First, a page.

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UPVC Front Doors
Multipoint Locking Mechanisms
Much the same as the multipoint mechanisms used on other doors around the house, the main difference is that the multipoints fitted to front doors often feature a “nightlatch” facility. This works in much the same way as a Yale type lock does on timber doors.
If your lock has a nightlatch facility, then you will always require a key, in order to open the door from the outside, but you can also deadlock the mechanism too.
Unfortunately, many people fail to deadlock the door properly, and just rely on this latch feature. This is ok if you are in the house, (the nightlatch feature stops anyone from just walking in). But doors left “on the latch”, are frighteningly easy to force open. These doors should be deadlocked with the key whenever possible.
Some, older multipoint locks, are really basic in design. These locks often only use “rollers”, (moving studs on the edge of the mechanism), to secure the door.
More modern mechanisms may use special deadbolts, hookbolts and other devices, alongside rollers, for a much more attack-resistant mechanism.
We can often upgrade older, less secure, multipoint locks, with modern versions that offer much greater security, for far less than the cost of a new door.
The Euro Cylinder.
This lock cylinder, or barrel, operates the multipoint lock, and it is of the utmost importance that it is up to the job.
This little, insignificant looking lock cylinder controls the whole multipoint mechanism, and therefore the whole security of the door, (and the house)! It is a wise investment to upgrade it to one that incorporates all of the latest security features.
Special products are available for use on upvc doors, but door chains for timber doors are often more than adequate. If fitting these yourself, beware of screwing into the multipoint mechanism itself, as this can cause enormous damage. If in doubt, we will happily install these for you.
As any glazing is likely to be patterned or frosted it may be difficult to identify callers.
Fitting a door viewer lets you see clearly who is there, helping you to decide whether it’s safe to open the door.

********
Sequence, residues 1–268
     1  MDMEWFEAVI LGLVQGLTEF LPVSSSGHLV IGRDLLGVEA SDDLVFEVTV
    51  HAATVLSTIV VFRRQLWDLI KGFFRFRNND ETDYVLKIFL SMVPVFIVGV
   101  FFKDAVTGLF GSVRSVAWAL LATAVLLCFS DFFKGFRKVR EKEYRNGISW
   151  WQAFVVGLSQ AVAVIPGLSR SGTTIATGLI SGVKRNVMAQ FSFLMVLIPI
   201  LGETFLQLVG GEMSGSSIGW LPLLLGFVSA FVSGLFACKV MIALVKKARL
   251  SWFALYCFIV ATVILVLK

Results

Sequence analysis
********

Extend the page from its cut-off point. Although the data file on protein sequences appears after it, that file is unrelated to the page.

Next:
The letter flap on a upvc door can pose a security risk. A thief could use it to “fish” for items, keys etc from the hall area. There is also the risk that the letter flap may allow someone to interfere with the lock and open the door when it is on the latch. We can fit special cowls and restrictors, that reduce the opening and limit the view into the house, whilst still allowing postal deliveries to take place.
Another solution is to use a secure, locking, wall mounted post box on the outside wall, and to seal the letter flap on the door permanently.
If your upvc door opens outwards then the hinges will be exposed to attack. To remedy this, manufactures should fit products that prevent the door from being removed from the hinge side. They are not always fitted when the door is new though, but they are available to retro-fit.
Because upvc doors usually sit proud of the frame when closed, normal door bolts will not usually work.
Sash jammers overcome this problem. They are blocks with a hinged arm, that fit to the frame of the door. When the door is closed, the arm can be positioned over the door to stop it from opening.
Packing pieces are supplied to ensure a snug fit. Some sashjammers can be locked when in position.
For best security, sash jammers should be fitted both top and bottom.
Multipoint locks on front upvc doors are usually the same as for side and rear doors. The main difference is that they often also have a “nightlatch” feature built in, that works in a similar way to “Yale” type locks on timber doors.
The nightlatch feature prevents people from simply opening the door with the handle from the outside, a key must be used for this.
The nightlatch function on its own, provides only limited security, and the door should be properly deadlocked whenever possible